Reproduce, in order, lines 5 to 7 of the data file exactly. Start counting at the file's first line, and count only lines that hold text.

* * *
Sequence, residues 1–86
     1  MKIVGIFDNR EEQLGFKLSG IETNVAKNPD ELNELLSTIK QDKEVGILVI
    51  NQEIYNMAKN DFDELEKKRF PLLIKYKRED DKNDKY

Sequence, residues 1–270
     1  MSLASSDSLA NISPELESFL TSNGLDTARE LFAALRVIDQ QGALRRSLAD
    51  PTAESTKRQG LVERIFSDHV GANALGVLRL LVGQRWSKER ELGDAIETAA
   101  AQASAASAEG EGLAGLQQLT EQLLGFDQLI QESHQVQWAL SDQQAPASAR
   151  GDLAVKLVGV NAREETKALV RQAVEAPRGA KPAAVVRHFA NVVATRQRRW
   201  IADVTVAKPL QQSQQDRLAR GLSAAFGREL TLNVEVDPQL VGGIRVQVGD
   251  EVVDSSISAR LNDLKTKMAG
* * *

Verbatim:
     1  MSLASSDSLA NISPELESFL TSNGLDTARE LFAALRVIDQ QGALRRSLAD
    51  PTAESTKRQG LVERIFSDHV GANALGVLRL LVGQRWSKER ELGDAIETAA
   101  AQASAASAEG EGLAGLQQLT EQLLGFDQLI QESHQVQWAL SDQQAPASAR